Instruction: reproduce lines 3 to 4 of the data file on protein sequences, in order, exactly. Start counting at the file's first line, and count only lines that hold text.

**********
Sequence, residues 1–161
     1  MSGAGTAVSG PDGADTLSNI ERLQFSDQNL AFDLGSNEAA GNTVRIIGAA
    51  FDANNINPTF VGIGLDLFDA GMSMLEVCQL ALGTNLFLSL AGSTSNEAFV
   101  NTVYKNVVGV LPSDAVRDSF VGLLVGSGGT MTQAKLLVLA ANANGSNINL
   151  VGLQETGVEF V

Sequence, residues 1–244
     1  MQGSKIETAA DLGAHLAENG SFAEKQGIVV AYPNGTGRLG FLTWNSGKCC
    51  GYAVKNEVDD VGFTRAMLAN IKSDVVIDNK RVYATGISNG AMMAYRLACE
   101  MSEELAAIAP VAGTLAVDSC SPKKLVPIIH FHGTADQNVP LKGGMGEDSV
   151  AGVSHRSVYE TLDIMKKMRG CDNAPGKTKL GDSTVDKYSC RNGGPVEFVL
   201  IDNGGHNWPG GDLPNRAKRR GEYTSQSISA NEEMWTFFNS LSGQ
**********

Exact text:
    51  FDANNINPTF VGIGLDLFDA GMSMLEVCQL ALGTNLFLSL AGSTSNEAFV
   101  NTVYKNVVGV LPSDAVRDSF VGLLVGSGGT MTQAKLLVLA ANANGSNINL